When It Breaks

Washington Heights

When the side of the building falls, it is a spring morning, April, not yet dawn. And there is no warning. The crack was there for a long time, all up the side, visible on every floor. Everything’s broken, all broken. You can’t worry about these things. What Sondra’s mother told her: You stop worrying. You do your homework and get to sleep and stop worrying with your childishness.

When the side of the building falls, Sondra is lying in bed. She feels it before it happens; the folding in of bricks, the dismemberment of five stories of concrete. The room is shaken – she is shaken – as if the building itself is angry at her. Well, maybe it is. All along, there have been hints she has done something wrong, that all of them have done something wrong to land here: the labor required to take baths, the heating of water on the stove; the coats and sweaters that must be worn throughout the winter, indoors, as if the cold radiator is punishing them; the skittering shapes in the shadows of the grime-caked halls, the presence of rats multiplied from fear of seeing them in full light.

When the side of the building falls, Sondra hears the shouts and wakes up: the voice of the lady in 3C like a siren, howling over and over, my god my god my god; a baby’s wails gaining volume; a man shouting orders in Spanish, his authority leaking away as each sentence dissolves into a sob. Through the a haze of dust, of pre-dawn graininess, Sondra sees the building across the courtyard, the lights in the windows that have come on, the other apartment house solid. Her mother’s hand closes around her upper arm, yanks her from the bed as if an infraction of hers has been discovered and now she’s going to get it. What the hell’s wrong with you? her mother hollers. Siobain, baby sister of recrimination, is hoisted onto her mother’s hip, blinking placidly, the satisfaction of the youngest, the good girl, the lightest. You stay with me, her mother orders. Sondra is pulled to her feet, mother’s hand digging into her skinny bicep, nylon nightgown letting loose that smell of her mother’s cologne and sweat, stale chemical flowers, fingers clamping closed on her from fear and anger, another bruise.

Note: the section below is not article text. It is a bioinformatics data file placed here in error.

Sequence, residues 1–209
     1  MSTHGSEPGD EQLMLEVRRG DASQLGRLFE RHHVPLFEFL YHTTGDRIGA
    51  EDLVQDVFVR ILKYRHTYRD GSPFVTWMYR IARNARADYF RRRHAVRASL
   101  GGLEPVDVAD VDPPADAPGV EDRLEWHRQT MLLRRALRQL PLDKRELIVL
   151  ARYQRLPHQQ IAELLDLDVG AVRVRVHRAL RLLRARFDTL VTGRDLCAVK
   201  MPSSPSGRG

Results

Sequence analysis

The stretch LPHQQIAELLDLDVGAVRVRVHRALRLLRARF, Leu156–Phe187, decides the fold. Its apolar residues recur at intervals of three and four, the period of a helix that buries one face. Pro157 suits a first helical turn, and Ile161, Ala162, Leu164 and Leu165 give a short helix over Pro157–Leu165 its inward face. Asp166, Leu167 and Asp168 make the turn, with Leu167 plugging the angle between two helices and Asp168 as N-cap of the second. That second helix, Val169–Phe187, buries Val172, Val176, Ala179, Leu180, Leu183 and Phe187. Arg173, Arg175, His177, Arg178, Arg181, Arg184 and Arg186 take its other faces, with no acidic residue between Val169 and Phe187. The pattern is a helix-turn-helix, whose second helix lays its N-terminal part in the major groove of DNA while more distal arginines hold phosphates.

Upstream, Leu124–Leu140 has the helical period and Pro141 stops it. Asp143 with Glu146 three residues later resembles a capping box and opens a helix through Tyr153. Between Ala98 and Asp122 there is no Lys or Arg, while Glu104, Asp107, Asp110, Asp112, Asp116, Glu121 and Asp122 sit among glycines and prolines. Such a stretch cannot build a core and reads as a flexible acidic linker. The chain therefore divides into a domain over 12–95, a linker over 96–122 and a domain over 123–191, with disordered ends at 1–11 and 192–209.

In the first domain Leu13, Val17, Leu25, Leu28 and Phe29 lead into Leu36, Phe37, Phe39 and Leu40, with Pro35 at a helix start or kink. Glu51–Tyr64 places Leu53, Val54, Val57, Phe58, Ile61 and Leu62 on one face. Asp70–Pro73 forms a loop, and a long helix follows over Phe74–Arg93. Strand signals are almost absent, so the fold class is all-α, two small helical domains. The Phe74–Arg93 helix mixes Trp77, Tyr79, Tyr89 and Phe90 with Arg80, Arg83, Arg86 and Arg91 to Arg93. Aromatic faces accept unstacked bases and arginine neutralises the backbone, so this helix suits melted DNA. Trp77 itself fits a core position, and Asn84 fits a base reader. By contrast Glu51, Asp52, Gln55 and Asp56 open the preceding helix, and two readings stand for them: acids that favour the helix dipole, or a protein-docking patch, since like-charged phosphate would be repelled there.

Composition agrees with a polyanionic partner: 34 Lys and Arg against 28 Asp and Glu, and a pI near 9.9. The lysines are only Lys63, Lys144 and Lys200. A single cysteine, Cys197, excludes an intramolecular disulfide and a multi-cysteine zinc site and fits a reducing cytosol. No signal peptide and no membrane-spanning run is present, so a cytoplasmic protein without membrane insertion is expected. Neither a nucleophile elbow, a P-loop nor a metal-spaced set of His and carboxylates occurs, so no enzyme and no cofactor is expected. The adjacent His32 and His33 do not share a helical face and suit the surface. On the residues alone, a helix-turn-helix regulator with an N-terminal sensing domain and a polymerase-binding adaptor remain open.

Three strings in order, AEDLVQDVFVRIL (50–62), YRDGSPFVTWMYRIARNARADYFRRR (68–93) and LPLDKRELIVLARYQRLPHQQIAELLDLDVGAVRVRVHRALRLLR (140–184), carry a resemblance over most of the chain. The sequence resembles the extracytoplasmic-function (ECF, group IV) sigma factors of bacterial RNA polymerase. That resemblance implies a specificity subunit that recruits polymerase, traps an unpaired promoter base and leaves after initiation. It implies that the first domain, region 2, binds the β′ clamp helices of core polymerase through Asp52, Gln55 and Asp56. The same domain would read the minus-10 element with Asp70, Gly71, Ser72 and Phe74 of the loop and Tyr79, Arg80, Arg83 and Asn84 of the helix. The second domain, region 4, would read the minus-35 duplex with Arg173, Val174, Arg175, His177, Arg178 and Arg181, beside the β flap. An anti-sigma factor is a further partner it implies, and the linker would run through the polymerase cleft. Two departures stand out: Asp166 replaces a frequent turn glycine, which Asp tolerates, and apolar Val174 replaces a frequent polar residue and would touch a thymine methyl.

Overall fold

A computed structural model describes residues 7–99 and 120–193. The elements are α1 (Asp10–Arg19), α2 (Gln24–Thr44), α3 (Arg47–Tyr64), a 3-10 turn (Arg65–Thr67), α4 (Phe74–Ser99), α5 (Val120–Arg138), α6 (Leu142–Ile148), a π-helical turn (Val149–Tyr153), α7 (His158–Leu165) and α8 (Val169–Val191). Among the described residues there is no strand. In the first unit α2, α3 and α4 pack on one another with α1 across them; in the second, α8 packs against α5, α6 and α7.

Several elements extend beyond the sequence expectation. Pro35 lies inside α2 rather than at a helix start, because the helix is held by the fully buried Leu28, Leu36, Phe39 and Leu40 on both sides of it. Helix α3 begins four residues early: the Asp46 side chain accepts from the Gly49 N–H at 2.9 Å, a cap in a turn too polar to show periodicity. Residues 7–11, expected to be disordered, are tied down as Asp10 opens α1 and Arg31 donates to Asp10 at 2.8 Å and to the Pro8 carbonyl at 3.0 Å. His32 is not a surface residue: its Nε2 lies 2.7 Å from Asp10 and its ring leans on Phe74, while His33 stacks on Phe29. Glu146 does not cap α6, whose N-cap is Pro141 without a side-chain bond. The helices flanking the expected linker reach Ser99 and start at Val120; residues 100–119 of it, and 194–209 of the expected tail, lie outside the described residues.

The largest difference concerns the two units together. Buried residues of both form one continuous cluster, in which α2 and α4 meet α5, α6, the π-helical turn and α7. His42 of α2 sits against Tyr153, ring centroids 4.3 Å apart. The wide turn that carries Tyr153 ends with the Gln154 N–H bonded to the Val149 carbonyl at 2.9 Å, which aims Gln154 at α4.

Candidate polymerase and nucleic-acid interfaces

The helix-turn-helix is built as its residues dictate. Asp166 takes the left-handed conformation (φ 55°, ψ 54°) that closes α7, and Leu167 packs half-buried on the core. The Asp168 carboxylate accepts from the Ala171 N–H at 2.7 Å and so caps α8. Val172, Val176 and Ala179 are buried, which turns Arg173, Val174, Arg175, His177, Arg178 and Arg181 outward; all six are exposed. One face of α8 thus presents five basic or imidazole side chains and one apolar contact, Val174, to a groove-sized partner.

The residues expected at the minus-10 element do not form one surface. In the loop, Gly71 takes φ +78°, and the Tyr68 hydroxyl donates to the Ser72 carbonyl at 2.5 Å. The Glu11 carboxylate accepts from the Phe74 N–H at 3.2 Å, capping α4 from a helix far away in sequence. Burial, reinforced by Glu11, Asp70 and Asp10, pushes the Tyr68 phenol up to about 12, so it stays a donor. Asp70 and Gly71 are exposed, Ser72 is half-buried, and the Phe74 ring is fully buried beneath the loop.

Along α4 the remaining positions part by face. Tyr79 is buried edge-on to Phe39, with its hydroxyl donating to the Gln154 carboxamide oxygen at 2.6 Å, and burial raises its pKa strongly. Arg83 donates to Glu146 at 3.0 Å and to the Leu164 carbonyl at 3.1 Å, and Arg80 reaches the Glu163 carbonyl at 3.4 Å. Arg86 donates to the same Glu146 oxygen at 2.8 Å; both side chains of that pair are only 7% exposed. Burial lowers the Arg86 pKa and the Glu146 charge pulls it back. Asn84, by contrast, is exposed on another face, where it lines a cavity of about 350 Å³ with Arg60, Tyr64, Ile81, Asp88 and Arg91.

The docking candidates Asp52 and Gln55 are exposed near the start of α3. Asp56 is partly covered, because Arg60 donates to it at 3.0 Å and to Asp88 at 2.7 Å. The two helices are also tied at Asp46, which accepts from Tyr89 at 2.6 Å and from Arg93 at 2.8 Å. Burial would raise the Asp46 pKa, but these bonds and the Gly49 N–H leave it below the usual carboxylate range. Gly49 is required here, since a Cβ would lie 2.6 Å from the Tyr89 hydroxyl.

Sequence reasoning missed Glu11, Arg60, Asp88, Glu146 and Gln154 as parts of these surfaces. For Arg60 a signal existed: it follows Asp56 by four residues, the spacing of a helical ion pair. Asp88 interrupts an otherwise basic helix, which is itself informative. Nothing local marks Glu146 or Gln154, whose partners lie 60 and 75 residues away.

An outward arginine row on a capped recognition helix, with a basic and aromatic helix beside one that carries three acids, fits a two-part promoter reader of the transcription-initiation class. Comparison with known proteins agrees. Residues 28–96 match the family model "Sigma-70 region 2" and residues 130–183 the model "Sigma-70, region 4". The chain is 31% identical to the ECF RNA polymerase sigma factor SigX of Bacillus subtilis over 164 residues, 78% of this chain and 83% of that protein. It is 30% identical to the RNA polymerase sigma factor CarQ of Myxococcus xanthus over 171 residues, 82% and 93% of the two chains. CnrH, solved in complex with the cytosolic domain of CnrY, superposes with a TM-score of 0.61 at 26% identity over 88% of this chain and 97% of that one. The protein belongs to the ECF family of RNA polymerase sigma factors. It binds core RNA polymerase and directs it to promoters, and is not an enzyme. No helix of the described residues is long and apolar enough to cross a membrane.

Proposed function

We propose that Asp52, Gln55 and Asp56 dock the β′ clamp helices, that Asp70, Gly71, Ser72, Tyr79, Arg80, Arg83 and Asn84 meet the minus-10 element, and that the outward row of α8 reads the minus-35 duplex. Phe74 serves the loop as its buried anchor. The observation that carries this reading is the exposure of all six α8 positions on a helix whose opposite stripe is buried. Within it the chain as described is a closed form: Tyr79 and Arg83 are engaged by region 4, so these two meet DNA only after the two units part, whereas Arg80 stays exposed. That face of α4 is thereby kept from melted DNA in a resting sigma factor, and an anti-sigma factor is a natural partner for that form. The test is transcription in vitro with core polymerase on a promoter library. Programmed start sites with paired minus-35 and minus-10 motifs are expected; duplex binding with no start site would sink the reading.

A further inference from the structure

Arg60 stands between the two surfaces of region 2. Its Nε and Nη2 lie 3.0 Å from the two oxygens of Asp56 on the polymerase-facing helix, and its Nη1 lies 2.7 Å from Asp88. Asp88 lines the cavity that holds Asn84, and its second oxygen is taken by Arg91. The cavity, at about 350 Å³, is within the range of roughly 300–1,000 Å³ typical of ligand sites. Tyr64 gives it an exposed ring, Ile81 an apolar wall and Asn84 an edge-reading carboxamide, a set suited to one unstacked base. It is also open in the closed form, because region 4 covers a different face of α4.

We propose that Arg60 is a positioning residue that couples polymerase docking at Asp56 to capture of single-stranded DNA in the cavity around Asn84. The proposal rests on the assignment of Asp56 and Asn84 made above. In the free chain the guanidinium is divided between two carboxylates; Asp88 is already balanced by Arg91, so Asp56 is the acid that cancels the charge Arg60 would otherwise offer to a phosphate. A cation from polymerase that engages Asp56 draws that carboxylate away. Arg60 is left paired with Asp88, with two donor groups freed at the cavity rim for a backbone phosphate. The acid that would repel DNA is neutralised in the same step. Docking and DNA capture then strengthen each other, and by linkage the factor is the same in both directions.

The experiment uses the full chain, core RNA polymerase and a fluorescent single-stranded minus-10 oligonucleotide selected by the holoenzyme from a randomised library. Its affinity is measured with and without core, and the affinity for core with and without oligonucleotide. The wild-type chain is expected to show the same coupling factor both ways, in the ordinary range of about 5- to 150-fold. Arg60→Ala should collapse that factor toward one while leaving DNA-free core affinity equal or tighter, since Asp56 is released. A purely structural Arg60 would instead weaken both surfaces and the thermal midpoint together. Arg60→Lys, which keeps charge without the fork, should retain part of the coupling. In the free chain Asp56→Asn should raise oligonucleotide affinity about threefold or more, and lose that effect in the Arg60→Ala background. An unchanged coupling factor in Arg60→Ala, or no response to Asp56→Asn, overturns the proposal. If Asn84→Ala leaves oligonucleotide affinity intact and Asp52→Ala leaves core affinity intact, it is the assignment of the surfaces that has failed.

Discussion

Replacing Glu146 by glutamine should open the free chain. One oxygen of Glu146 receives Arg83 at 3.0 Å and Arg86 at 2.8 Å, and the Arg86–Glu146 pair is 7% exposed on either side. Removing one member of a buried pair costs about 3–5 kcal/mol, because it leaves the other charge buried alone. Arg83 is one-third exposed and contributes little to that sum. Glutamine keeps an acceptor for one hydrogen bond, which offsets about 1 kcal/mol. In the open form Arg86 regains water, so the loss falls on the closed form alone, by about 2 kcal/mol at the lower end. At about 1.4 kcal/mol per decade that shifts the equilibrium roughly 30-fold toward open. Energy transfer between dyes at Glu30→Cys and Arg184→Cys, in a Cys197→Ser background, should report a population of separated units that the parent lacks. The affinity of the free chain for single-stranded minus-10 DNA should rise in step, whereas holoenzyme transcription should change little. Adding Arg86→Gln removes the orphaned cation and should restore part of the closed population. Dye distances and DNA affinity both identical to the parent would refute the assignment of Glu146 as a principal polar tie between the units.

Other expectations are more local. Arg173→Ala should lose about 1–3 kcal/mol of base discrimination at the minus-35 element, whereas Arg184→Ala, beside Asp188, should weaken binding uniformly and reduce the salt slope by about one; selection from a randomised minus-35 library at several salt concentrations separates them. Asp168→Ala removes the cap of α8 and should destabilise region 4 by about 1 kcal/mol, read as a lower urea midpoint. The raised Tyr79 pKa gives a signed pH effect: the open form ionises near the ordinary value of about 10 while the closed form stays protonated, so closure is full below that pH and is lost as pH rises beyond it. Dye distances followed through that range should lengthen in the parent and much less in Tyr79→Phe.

When the side of the building falls, the stories begin…

When the side of the building falls, they go thundering down the stairs, all of them, their feet tumbling against the concave steps. The weight of bodies echoes in her stomach; she moves automatically with the rest. They run behind her, in front of her. There is no way to stop. They leave the building in fading April gray – shoved out by mothers’ hands, carried out by brothers, or grasping a metal glint of a walker and shuffling in support hose. Night air snaps against skin. Sondra does the accounting: Mr. Montledew in an undershirt and old trousers, never before glimpsed without a hat; Luzana, and her older sister who keeps seeing things that aren’t there; even the gold-toothed boys in 1B who get too many visitors all the time, who everyone wishes would leave. Her hand is loosely twined to her mother’s. She is grateful this has not happened to her alone. Wind tamps against her nightgown. She catches sight of Luzana, but neither of them can free themselves from family. Sirens blare down 140th Street. Fire trucks slam the night. TV station vans come to the curbs, promising people in the rest of the city will find out, promising this block will not be their secret anymore.